Are Facebook, Twitter, and blogs becoming our main mode of communication?
I called my husband once, not too long ago, and he said, “I’m okay.” It was an odd greeting.
He said, “Didn’t you see my tweet?” (No, I hadn’t.) “I was in a car accident.”
He actually expected me to learn that he was in a [thankfully minor] car accident via Twitter!
Now, via my blog, my family might learn that we’re planning to take our daughter to Latin America. I won’t say where yet, because we haven’t bought the tickets, but it’s the only place we can afford to take a week’s vacation on a beach, and have daily maid service and personal chef included, plus masseuse and nanny available for a little extra. All for less than what a few nights at an American hotel would cost.
The beach in the photos looks a little rocky, but all 22 reviews say the food is delicious, the setting serene, and the staff very accommodating.
My additional questions to the dueño, or owner, were: Can we be assured of a smoke-free environment? Does the house have a generator?
The owners are a couple who met in high school and they are bringing a Pack & Play down on their next trip. It seems we’d have everything we need—including WiFi.
So why would this idea be met with resistance from, say, the grandparents? Mostly because it’s unfamiliar territory, and of course, love. Big love. When we get peppered with questions, as I’m sure we will, my answer will be,
“I think they have babies in Latin America.”
The babies wear diapers there, too.
In my view, this is the best time to tote our tot to the rural destination; she’s lightweight enough to carry in a carrier, and still nursing, so most of what she needs is on my person at all times.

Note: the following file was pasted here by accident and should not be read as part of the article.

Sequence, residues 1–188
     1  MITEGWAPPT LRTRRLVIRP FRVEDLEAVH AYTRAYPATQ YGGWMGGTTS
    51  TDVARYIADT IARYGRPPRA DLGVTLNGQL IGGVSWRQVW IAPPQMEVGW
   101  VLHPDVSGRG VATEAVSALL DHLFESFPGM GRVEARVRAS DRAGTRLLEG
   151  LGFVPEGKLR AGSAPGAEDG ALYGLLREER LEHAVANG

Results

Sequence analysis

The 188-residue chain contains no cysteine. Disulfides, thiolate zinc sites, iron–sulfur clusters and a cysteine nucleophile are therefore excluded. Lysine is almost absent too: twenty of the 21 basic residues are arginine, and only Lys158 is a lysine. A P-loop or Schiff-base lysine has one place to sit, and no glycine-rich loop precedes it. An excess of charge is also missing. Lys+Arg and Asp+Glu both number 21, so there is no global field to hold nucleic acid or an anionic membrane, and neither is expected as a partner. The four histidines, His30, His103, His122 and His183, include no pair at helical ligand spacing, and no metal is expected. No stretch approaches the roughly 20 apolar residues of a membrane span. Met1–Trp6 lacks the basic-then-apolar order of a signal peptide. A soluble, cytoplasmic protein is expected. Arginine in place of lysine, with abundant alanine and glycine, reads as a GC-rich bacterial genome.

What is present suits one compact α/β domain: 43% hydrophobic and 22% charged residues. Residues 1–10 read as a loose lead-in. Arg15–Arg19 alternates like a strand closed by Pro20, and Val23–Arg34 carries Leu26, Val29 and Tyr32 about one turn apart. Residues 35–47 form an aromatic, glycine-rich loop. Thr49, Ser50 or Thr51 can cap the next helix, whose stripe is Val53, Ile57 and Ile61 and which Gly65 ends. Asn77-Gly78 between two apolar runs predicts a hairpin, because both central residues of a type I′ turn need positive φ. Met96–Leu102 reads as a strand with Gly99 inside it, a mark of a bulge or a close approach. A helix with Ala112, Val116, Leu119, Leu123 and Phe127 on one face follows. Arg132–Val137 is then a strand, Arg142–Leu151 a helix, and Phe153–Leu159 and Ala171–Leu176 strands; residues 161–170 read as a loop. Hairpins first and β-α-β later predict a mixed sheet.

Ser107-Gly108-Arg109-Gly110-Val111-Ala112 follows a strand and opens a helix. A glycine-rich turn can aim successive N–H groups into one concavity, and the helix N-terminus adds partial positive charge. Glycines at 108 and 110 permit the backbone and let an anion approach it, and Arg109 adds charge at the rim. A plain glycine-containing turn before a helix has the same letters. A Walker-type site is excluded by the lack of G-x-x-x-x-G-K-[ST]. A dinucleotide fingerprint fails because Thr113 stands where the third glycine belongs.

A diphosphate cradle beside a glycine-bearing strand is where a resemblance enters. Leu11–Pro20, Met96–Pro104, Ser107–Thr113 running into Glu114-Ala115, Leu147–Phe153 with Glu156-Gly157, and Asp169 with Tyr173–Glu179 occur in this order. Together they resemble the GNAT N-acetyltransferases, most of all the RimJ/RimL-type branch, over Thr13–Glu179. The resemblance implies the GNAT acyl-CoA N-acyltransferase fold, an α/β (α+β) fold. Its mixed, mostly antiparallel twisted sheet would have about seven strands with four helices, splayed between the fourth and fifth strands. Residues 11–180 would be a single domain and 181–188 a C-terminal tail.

With regard to the nanny services provided, well, I’m drawing from experience here. Everywhere I’ve traveled in Latin America (including Costa Rica, Cuba, Dominican Republic, Guatemala, Mexico, Nicaragua, Panama, Ecuador, and Peru), I’ve been treated with unparalleled warmth and generosity. Visiting a poor farm in Nicaragua, I left with an armful of vegetables; in Ecuador I was offered the use of the family toothbrush; in Panama I spent the night at our taxi driver’s cousin’s house when it got too late to find lodging. The stories are many and the memories are indelible.
I am sure luck has something to do with my panorama of positive experiences, but I also study the culture and try to be respectful. I usually wear a skirt, and try my best to communicate in Spanish with “please” and “thank you” bookending every utterance.
It’s my heartfelt desire to share my love of Latin America with my husband and new daughter, as well as with you.
We’re also on a shoestring budget.
Have you traveled to a third world country? How did it make you feel to see others with much, much less experiencing joy, love, and good health?
It lets me know that love, health, and happiness can be attained without material comfort. It’s good to reinforce this knowledge because sometimes I forget. It is also important to practice your foreign language, because otherwise it can atrophy. Whenever I return to Latin America, I get a little frustrated before the language wheels get greased and I stutter and struggle to remember phrases I should know.
It’s all about leaving one’s comfort zone. Since my daughter doesn’t even have an established comfort zone yet, I’m hoping international colors, flavors, and smells will become a natural part of her worldview. Why not start early?